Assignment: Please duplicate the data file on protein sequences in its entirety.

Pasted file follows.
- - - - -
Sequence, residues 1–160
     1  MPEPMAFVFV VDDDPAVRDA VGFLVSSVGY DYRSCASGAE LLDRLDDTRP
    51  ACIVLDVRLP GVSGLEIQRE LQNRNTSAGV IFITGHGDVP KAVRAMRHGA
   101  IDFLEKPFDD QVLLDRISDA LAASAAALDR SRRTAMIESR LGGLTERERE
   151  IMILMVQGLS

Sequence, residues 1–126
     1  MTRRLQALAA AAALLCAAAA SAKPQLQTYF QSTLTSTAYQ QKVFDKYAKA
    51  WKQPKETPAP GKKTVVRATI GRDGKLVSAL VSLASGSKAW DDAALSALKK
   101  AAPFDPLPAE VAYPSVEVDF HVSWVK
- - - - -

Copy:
Sequence, residues 1–160
     1  MPEPMAFVFV VDDDPAVRDA VGFLVSSVGY DYRSCASGAE LLDRLDDTRP
    51  ACIVLDVRLP GVSGLEIQRE LQNRNTSAGV IFITGHGDVP KAVRAMRHGA
   101  IDFLEKPFDD QVLLDRISDA LAASAAALDR SRRTAMIESR LGGLTERERE
   151  IMILMVQGLS

Sequence, residues 1–126
     1  MTRRLQALAA AAALLCAAAA SAKPQLQTYF QSTLTSTAYQ QKVFDKYAKA
    51  WKQPKETPAP GKKTVVRATI GRDGKLVSAL VSLASGSKAW DDAALSALKK
   101  AAPFDPLPAE VAYPSVEVDF HVSWVK